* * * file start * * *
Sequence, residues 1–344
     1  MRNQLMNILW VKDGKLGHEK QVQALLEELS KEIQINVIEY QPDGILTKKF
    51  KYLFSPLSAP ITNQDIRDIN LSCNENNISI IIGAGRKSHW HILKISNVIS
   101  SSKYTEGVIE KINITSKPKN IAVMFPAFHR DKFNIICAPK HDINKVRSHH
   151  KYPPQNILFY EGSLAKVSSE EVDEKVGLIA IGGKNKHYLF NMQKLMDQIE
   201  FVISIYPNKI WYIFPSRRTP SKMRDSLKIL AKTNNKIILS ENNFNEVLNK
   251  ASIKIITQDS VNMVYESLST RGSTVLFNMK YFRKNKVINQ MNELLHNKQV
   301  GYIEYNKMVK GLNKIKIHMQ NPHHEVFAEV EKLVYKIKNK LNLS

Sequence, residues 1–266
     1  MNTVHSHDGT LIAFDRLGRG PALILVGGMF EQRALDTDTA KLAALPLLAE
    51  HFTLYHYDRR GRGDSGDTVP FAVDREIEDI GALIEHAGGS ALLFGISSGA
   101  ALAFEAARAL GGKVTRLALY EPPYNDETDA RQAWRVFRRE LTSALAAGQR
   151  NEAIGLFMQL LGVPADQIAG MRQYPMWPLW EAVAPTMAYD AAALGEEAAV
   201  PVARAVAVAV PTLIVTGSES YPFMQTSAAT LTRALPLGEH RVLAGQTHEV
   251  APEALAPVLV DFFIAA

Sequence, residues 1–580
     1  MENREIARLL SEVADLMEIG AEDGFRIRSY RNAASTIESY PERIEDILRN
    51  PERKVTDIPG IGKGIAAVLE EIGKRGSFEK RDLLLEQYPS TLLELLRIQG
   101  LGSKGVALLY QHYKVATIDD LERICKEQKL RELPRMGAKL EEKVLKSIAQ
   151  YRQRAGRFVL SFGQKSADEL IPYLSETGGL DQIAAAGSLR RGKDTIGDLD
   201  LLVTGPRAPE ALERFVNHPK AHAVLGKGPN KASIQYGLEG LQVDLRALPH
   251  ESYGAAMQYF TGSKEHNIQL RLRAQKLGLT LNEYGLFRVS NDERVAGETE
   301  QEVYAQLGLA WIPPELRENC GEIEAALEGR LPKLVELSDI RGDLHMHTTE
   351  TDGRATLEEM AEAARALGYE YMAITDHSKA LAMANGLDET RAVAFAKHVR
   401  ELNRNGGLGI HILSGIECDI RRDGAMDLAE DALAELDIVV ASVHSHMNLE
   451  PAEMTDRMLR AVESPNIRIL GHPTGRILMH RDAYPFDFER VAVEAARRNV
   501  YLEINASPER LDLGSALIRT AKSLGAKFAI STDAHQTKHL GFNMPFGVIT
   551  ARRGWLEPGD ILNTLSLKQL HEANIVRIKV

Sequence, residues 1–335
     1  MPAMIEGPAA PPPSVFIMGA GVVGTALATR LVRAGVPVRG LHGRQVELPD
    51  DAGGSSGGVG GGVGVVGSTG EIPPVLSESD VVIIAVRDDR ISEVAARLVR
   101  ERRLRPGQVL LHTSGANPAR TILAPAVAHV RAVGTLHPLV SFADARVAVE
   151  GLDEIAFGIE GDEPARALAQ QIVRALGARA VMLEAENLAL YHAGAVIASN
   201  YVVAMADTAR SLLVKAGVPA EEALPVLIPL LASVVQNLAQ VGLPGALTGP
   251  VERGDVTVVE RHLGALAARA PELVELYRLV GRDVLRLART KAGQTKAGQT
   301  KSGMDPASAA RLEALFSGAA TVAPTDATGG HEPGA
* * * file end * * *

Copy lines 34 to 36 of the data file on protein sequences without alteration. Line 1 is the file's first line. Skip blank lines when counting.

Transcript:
   201  YVVAMADTAR SLLVKAGVPA EEALPVLIPL LASVVQNLAQ VGLPGALTGP
   251  VERGDVTVVE RHLGALAARA PELVELYRLV GRDVLRLART KAGQTKAGQT
   301  KSGMDPASAA RLEALFSGAA TVAPTDATGG HEPGA